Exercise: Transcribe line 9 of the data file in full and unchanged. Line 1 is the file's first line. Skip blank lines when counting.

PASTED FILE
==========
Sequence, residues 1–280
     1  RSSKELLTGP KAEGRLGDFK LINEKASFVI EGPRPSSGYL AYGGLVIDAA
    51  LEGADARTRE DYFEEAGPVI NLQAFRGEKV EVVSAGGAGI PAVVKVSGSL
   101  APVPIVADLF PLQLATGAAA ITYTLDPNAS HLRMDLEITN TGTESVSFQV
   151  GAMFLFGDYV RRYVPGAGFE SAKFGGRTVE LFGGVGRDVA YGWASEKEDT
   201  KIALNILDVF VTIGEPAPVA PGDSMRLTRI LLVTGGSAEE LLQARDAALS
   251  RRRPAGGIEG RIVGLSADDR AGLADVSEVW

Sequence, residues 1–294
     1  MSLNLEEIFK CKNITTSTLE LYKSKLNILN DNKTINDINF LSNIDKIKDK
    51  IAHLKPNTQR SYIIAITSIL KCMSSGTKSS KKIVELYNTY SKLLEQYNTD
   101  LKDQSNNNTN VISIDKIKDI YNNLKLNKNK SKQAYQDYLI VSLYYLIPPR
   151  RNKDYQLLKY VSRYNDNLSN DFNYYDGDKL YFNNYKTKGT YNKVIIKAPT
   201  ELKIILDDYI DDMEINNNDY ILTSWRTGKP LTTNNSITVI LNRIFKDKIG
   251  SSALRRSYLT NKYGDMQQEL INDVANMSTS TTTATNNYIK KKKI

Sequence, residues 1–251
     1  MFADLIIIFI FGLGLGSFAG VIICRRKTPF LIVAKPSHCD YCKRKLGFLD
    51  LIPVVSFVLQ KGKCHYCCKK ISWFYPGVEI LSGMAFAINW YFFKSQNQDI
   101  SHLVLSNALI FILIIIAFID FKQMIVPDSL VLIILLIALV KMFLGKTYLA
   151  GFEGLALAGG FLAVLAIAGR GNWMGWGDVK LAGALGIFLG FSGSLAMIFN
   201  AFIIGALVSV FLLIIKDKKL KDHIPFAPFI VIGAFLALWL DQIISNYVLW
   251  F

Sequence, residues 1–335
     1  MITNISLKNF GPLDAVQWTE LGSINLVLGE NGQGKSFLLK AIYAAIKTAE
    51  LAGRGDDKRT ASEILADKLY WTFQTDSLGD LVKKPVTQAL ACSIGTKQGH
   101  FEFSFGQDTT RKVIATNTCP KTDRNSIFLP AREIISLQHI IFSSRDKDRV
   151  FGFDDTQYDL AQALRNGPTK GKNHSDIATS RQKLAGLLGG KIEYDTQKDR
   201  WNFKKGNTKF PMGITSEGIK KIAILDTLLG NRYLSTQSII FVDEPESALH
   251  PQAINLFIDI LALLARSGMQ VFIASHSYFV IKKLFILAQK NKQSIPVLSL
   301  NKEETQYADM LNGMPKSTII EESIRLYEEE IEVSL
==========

     1  MSLNLEEIFK CKNITTSTLE LYKSKLNILN DNKTINDINF LSNIDKIKDK